Review: Primal Scream – The Junction, Cambridge – 5th December 2016
What a treat this has been! Possibly due to the complications that arose around re-scheduling their tour after singer Bobby Gillespie took a fall from the stage at a Swiss festival in June, Primal Scream have landed in Cambridge at the 800 capacity gig-pen The Junction. It’s no wonder this one sold out within an hour of the tickets going on sale, other shows on the UK tour, including the London Brixton Academy, are far more on the scale you’d expect a band of this stature to play. That said though, this is a group of mostly seasoned veteran performers and they’re adept at measuring their set according to the needs of the room they’re playing to. So I’m delighted to report that tonight, this little corner of Cambridge got its rocks off!
For Bobby Gillespie the night appeared to have a personal resonance. He’s not the first record collecting music nut to travel to Cambridge with Syd Barrett on his mind. Many fans travel to the area to pay homage to the original psychedelic visionary whose britcentric songwriting and acid guitar excursions on that classic Pink Floyd debut album haven’t aged a bit. It was only just over ten years ago that people would frequently report sightings of the reclusive Barrett as he pottered about the city lost in his own private world. Gillespie too seems lost in his own private reverie tonight, I’d put money on some ‘Interstellar Overdrive’ getting a play on the tour bus after a gig where the cosmic ‘Higher Than The Sun’ is dedicated to the late great Syd. “Where are you vegetable man?” Bobby cries out at the start, later in the set he even drops some lyrics to ‘Dark Globe’ into the mix. But then it’s put more succinctly when he offers “no Syd Barrett, no Primal Scream”.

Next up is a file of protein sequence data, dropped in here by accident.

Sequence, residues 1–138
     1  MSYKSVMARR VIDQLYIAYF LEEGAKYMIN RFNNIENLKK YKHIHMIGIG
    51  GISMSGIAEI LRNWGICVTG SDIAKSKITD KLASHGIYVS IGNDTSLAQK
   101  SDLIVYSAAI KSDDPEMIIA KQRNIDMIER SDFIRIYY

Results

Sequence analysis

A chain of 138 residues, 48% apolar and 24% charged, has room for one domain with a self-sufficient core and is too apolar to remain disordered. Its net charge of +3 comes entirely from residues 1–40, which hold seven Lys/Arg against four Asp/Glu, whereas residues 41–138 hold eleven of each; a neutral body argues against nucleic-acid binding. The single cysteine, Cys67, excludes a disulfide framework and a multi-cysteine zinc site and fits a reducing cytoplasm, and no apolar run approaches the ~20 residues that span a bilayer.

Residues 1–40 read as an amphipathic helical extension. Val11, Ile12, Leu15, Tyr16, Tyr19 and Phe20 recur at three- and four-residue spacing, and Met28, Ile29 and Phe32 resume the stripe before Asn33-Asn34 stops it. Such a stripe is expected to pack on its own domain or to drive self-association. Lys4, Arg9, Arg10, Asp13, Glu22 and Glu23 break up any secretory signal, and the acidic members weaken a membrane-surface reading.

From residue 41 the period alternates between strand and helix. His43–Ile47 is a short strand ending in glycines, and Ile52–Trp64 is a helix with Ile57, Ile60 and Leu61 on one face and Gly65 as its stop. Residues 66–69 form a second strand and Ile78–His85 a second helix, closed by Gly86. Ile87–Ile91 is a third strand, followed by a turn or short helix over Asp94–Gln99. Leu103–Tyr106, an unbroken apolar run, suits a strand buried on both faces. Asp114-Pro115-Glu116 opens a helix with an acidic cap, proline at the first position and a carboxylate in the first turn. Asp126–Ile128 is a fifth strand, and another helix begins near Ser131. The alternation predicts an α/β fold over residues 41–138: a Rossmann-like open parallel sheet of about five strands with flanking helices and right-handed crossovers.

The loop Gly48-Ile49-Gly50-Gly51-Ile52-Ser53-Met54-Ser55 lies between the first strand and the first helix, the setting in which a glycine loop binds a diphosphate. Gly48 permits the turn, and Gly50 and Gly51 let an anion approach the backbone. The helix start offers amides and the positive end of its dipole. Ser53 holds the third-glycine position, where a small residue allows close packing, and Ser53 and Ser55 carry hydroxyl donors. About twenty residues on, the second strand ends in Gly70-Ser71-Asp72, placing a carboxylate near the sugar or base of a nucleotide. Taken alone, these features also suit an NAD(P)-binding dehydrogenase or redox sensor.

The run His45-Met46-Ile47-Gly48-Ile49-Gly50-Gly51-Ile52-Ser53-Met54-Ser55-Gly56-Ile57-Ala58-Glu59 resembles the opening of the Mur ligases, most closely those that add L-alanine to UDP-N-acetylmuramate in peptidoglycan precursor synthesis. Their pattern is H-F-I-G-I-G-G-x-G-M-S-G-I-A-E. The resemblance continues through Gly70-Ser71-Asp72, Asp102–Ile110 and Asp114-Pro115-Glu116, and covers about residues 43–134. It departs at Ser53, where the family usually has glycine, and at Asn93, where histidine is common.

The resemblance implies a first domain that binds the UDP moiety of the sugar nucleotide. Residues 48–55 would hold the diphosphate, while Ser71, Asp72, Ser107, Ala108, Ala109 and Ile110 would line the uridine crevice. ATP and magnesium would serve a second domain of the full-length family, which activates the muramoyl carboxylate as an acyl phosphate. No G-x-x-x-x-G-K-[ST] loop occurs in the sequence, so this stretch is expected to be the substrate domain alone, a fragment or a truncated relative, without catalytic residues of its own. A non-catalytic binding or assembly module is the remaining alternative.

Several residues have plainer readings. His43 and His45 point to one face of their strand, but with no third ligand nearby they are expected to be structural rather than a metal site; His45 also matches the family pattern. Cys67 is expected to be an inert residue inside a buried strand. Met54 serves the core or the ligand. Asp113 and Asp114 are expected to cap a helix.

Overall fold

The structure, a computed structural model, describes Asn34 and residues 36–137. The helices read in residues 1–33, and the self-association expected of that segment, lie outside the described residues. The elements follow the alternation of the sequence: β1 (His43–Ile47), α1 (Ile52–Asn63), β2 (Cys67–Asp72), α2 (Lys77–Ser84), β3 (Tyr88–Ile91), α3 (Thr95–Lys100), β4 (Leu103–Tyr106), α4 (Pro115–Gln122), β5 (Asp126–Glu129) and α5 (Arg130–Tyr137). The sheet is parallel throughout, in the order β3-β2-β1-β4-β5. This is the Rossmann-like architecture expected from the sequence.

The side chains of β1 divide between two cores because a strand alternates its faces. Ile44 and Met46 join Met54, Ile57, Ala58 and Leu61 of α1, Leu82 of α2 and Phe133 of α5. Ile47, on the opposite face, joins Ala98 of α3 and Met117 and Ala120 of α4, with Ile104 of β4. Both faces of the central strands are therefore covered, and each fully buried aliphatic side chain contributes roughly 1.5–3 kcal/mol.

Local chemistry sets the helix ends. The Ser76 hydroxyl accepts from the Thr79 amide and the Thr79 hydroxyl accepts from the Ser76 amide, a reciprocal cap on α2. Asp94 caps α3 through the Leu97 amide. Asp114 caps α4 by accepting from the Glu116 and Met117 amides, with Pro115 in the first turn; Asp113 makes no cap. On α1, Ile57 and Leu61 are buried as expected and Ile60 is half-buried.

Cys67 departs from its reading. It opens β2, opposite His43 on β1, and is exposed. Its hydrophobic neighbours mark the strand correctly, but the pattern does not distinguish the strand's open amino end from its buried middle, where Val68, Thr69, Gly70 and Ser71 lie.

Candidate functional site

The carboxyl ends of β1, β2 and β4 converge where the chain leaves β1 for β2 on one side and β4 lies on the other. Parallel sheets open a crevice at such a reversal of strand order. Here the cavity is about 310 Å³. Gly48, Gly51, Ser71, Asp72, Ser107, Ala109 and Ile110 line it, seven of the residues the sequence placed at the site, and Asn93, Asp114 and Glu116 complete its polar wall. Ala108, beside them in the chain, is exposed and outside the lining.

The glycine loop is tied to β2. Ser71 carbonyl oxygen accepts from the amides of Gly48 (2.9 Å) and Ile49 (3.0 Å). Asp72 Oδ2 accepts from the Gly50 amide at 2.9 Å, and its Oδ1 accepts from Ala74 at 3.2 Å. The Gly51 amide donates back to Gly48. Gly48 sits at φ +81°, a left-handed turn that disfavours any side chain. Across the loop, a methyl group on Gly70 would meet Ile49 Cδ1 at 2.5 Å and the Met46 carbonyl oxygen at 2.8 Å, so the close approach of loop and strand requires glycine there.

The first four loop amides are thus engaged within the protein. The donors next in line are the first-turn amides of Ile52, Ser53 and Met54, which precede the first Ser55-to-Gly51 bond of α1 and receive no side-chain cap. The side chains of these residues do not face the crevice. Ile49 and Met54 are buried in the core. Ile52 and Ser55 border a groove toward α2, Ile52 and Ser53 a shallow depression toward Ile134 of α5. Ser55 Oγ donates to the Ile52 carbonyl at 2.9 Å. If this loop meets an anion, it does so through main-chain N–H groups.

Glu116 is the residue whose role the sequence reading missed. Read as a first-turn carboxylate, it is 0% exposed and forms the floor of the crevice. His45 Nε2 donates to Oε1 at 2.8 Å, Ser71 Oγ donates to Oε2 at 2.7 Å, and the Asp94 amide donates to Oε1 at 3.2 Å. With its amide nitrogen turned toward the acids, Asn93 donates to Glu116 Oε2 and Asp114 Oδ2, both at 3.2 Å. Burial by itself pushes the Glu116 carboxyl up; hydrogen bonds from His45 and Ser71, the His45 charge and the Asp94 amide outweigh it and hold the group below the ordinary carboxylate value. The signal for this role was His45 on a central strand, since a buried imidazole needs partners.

As revealing as that insight may be, it doesn’t tell the whole story of how Primal Scream totally smashed this tonight. The current Scream team still has long term members Andrew Innes and Martin Duffy in the ranks, but without a monster of a presence in the line up like Mani or the sadly missed Throb, the focus settles on the front man. Gillespie is a master at this duty with some thirty years fine honing behind him. He’s barely been on stage thirty seconds before he starts geeing up the audience. “You can make some noise you know” he’s goading everyone ahead of the negotiation being indisputably sewn up by the band opening with a sensational ‘Moving On Up’. The message seems clear, give the band some love and they’ll deliver the goods with an arsenal of songs that can raise the stakes a notch at every turn.
Current album ‘Chaosmosis’ was released way back in March and this no longer feels like a tour in promotion of a new record. If you’ve got a back catalogue of the consistent high standard that Primal Scream can offer you’d be mad not to dive into it and tonight the intimacy of the gig seems to plug the group into the desires of the crowd. I’ve seen Primal Scream many times in the past but this was by far the most compact and engaged I’ve witnessed them. Lucky us, for we’ve all just been treated to a set that scaled the game changing heights of indie-dance crossover classics like ‘Loaded’, ‘Swastika Eyes’ and an oh-so wonderful revival of the original pre-remix version of ‘Come Together’. And a mere taster of newer tunes left plenty of room for the down and dirty Stonesy rockers like ‘Country Girl’ and ‘Rocks’. Wined and dined indeed!
Review By: Danny Neill